Lake Pukaki, New Zealand
Lake Pukaki is located in the Mackenzie Region of the South Island of New Zealand. It is the largest of three alpine lakes along the northern edge of the Mackenzie Basin. The other lakes are Lake Tekapo and Lake Ōhau. Visit Ohau Ski Fields. Its stunning turquoise waters make it one of the country’s most picturesque lakes.
All three lakes were formed when the terminal moraines of receding glaciers blocked their respective valleys, forming moraine-dammed lakes.
For those interested, A moraine is the material left behind by a moving glacier. This material is usually soil and rock.
As the lake originates from the Tasman & Hooker Glaciers. The blue-turquoise colour of the water is due to fine silt particles or glacial flour. The silt is so fine it does not settle to the bottom quickly, remaining suspended in the lake water.
This phenomenon occurs as the melting Tasman Glacier, the largest in New Zealand, grinds rocks into a fine powder that reflects sunlight to create a vibrant azure hue. Seeing the lake against snow-capped mountains is one of New Zealand’s great attractions.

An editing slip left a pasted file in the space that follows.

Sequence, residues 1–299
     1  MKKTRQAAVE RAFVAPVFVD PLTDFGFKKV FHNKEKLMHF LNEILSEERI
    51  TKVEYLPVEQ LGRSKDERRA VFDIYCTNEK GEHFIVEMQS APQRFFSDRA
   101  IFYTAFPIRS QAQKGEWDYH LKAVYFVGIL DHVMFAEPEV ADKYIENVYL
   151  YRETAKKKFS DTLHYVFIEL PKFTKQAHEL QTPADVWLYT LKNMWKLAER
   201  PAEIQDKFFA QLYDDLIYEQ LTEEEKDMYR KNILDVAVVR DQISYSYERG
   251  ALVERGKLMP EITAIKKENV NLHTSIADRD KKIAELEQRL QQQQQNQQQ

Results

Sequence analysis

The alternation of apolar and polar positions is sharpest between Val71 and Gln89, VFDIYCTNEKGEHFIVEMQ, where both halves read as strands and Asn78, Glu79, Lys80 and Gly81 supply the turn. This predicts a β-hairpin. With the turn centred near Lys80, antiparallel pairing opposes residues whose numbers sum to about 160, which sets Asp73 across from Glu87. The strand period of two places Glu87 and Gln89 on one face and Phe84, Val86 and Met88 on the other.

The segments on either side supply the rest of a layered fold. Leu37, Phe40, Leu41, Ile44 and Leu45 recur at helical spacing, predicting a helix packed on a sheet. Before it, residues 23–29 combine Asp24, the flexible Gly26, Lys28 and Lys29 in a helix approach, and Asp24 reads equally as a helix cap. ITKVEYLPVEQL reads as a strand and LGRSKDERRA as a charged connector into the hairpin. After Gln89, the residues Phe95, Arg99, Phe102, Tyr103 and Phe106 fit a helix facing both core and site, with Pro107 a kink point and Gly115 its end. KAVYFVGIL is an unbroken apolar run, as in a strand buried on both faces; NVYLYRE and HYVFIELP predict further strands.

Gateway to Aoraki/Mount Cook
Lake Pukaki is a gateway to Aoraki/Mount Cook National Park, home to New Zealand’s highest peak, Aoraki or Mount Cook. The lake is approx 180 square kilometres and has a depth of 70m
When you travel through the South Island, stop and experience Lake Pukaki; it is worth it! There are many vantage points to get great pictures.
Hopefully, you get a day like we did.
Unusual swirl in Lake Pukaki
Pilot Chris Rudge was flying over Lake Pukaki in South Canterbury last week when he saw a “swirl” in the lake. He took a photo of the unusual pattern near Ferintosh Station on State Highway 80 and said it was unlike anything he’d seen in over 20 years of flying over the lake.
It would have been caused by “glacial flour” coming into the lake from the Tasman River after recent rain, which is pushed into a circular pattern by a backflow going north on the lake’s western side.